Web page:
Bouts of heartburn could be hinting at blood clots – what to look for

British Heart Foundation: Understanding blood clots

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Many common diseases cause blood clots, but even sedentary behaviour is a known trigger. Clotting conditions are notoriously difficult to diagnose because they often remain asymptomatic until they’ve turned deadly. The non-specific nature of symptoms can also prove problematic. If a blood clot travels to the lungs, for instance, discomfort in the chest could be brushed off as heartburn.

Typically, the duration of heartburn symptoms can vary between a few minutes to a few hours, depending on the trigger.

VeryWell Health explains: “How long heartburn lasts depends on the underlying cause. It may go away in a few minutes or it may take a few minutes.”

According to the health body, two major causes of heartburn are:
Acid reflux
Gastro-oesophageal reflux disease.

Typically, if certain foods are avoided, these symptoms will clear on their own.

When symptoms persist, however, a doctor may look for other potential causes like blood clots.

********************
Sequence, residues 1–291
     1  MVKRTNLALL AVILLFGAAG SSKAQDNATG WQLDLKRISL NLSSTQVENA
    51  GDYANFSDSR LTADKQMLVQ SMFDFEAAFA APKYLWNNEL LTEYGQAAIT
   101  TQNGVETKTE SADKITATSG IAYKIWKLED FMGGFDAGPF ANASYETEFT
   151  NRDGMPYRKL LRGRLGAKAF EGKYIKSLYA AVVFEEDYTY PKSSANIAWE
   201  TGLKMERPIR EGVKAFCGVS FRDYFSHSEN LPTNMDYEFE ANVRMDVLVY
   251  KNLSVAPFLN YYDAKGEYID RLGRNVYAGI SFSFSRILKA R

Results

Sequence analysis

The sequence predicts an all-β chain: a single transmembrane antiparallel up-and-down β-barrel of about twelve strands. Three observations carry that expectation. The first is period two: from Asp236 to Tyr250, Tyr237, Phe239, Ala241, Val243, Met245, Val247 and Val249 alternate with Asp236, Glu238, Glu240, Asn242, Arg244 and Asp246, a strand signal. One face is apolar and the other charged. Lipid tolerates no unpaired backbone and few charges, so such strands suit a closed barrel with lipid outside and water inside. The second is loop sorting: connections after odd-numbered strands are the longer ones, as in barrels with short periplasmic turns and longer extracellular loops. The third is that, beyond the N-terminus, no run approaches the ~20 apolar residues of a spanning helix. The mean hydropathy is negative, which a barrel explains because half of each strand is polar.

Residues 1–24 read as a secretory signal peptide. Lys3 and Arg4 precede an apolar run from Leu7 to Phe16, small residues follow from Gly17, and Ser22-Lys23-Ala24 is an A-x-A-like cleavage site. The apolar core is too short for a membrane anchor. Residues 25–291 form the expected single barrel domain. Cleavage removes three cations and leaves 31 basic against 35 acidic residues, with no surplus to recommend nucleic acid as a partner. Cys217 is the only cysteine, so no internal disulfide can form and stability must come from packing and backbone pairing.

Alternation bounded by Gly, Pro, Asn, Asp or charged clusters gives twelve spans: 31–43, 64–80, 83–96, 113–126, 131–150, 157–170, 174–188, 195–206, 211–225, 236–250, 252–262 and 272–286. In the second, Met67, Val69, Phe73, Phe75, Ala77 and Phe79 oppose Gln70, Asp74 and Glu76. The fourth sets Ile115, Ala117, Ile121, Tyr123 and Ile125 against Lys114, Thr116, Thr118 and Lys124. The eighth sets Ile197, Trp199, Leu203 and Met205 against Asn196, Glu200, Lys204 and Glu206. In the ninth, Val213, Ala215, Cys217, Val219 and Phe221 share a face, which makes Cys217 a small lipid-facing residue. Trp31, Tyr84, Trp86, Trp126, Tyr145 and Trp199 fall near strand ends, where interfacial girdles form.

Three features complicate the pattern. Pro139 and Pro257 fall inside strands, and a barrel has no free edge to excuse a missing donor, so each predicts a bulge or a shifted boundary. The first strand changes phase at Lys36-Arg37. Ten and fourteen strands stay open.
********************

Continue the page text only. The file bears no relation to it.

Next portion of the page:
Blood clots in the lung tend to cause discomfort that usually lasts for more than a few minutes or goes away and comes back.

“It can feel like pressure, squeezing, fullness or pain. It can also feel like heartburn or indigestion,” explains VeryWell Health.

Some classic signs of blood clots include swelling, skin tenderness, chest pain, shortness of breath and dizziness, which all offer clues to the location of a blood clot.

Typically, blood clots form in the lower limb and remain stationary, a condition medically known as deep vein thrombosis.

These clots can form as a result of injury, but people with conditions like cancer, obesity a liver are also prone to these events.

If a blood clot breaks off and enters the bloodstream, chances are it may travel to the lungs.

This can block blood flow to and from the lungs and cause a substantial amount of collateral damage to other parts of the body.

That’s why this type of clotting event, known as pulmonary embolism, is so deadly.

Johns Hopkins Medicine explains: “A pulmonary embolism, particularly a large pulmonary embolism or many clots, can quickly cause serious life-threatening problems and even death.”

In some cases, a person may not experience any symptoms and the blood clot may dissolve completely.

It can take weeks or months for the body to clear a clot, even if its just a surface clot, which is deemed a minor medical issue.

WebMD explains that if a person has a pulmonary embolism, they may get more relief as the clots get progressively smaller.

Symptoms like shortness of breath, or mild pain or pressure in the chest, can linger for six weeks or more, however.

Unfortunately, as many as one-third of people with an undiagnosed and untreated pulmonary embolism don’t survive.

When the condition is diagnosed and treated properly, however, this number drops dramatically, so any unusual symptoms should be investigated swiftly.

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